My branding... should I focus?


Been spending a lot of time on here!
Mar 23, 2012
Reaction score
Can others edit my Photos
Photos OK to edit

So I've been toying around with the idea of branding myself as an expert in a specific form of photography.

I like shooting everything, and I get a fair number of gigs, but am wondering if I should narrow it down. I know the answer is probably yes, but I'd like some specific feedback.

Check out my website, and let me know what you think.

Daryll Morgan Photography | Richmond, VA

Your website is irrelevant to the discussion. It reflects the aspects of your work you want it to. In order to answer your question(s), you need to look at two things:

(1) What genre(s) do you enjoy most and in which are you most skilled; and

(2) how are these niches already filled in your region?

In other words, if you really love to do headshots, but there are already 3-4 well established head-shots photographers in your little city of 50,000, then it might not be the best move. Pretty much all the advice I've ever received (and most of it from people who made a lot more at photography than I ever will) is that you need to specialize and rise above the crowd in a particular area. I've never followed that advice. I shoot pretty much anything, for anyone. That said, I'm not exactly rolling in spare cash, so...
Well I really enjoy portraits.. but I also really like land/cityscapes as well.

My website was more to show how I currently brand myself, for reference.
Well I really enjoy portraits.. but I also really like land/cityscapes as well.

My website was more to show how I currently brand myself, for reference.
Unfortunately, landscapes don't pay the bills (except for a very few, very skilled and lucky photographers), so I would stick with the portraits as far as that goes, but what sort of portraits? Studio? Casual? Family? Headshots?
I think this article may interest you. Branding is something you define. No one can really guide you. You could consult a reputable marketing firm but I trust that would cost you and you would answer questions and give them your answer. I think you are the best judge of this or that is my opinion.


Sent from my XT1254 using Tapatalk

And John, I like most kinds of portraits, but moreso modeling; whether that's fashion, cosplay, etc.
Specialist vs Generalist. Specialists generally have more brand strength, that doesn't always translate to profitability though. You can be a hybrid also, meaning have a different brand for each type of photography.
Using the word expert, not so sure. I consider myself a sports specialist. Would I use the word expert, probably not, in spite of decades of shooting sports, and knowing or working around a lot of the best sports photographers in the world, I don't think many of them would use the word expert. The word comes off as someone who never fails at what he or she is doing, and I don't care who it is, we all fail at some point regardless of the experience.
Seems inconsistent to use the term expert with some of the text - to me saying event photography tests your ability sounds like you're a beginner/amateur. Being in the right place and right time isn't really the clients' problem, they're probably going to want the photos they want and I doubt will be thinking about how easy/hard it is to do. Some of the Rule of Sexy sounds like what you want more than achieving the look that the client wants.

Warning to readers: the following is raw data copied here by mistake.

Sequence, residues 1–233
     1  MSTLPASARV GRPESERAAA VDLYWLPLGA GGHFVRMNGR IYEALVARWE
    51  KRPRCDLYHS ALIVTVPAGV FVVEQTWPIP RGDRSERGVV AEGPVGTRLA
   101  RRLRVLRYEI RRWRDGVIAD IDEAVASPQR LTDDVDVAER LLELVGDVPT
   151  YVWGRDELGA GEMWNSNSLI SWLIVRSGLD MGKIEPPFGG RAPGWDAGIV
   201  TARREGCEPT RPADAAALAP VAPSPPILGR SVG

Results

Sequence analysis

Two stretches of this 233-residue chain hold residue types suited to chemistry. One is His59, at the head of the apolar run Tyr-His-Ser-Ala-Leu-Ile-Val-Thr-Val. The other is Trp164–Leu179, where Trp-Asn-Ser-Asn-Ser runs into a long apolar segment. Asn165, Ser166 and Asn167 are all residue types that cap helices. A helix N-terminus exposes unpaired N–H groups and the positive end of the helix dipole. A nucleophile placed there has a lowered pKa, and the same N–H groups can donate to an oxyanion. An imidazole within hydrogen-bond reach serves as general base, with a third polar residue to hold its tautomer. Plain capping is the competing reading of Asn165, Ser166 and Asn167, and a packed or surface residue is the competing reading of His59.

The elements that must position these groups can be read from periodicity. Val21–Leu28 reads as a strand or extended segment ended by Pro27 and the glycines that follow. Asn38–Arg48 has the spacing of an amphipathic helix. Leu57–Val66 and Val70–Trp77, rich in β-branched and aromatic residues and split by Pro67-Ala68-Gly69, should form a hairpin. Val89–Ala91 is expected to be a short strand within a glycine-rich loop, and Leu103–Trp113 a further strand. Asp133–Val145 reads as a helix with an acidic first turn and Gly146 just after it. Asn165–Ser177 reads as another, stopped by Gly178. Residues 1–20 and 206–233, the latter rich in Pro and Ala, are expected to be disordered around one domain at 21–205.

Not that even for experienced photographers it isn't still work or challenging or takes effort and skill and all that, but I think it should sound confident. Which for me was easy enough when I got to the point that I knew I could do it, with no doubts that I could.

I think it would take skill level being competitive with other photographers in the area to be able to price competitively. Maybe specializing in something like cosplay would be a thought if there's enough market of paying clients and not so many photographers covering those events (as an example).
For new clients that I may be pitching for work, I usually start off with "Clients should never have to worry about the photographer they hire or the quality of work produced" Especially with big events, there is so much that the clients have to be concerned about, setting the whole thing up, dealing with guests, media or athletes, whatever it is. In simply terms, the client hires the photographer and the photographer does the job. If a photographer can't deliver the quality every time or if the client is always having to point out obvious shots, then the photographer should find another type of work. For me personally I always ask for a shot list, don't want any surprises, but be prepared for some. I'm not an expert in some areas of photography, but being prepared is what makes the difference.
I'm not convinced that you should set yourself up as an "expert". But I **do**think you should focus. Always focus.
Logging on to your site I have no idea you do portraits for money, so I would spend some time making sure it shows that you do photos for HIRE!!! I started out shooting whatever people payed me to shoot. Its when you get booked up that you can start specializing.
the picture you display on the "rule of sexy" page...
Portraits, Daryl, both straight and cosplay.

FWIW: your cosplay portraits are some of the more memorable shots I've seen from you. You can "advertise" your cosplay at the events, and when they see your portfolio, they will see that you also do straight portraits.
Last edited:

Most reactions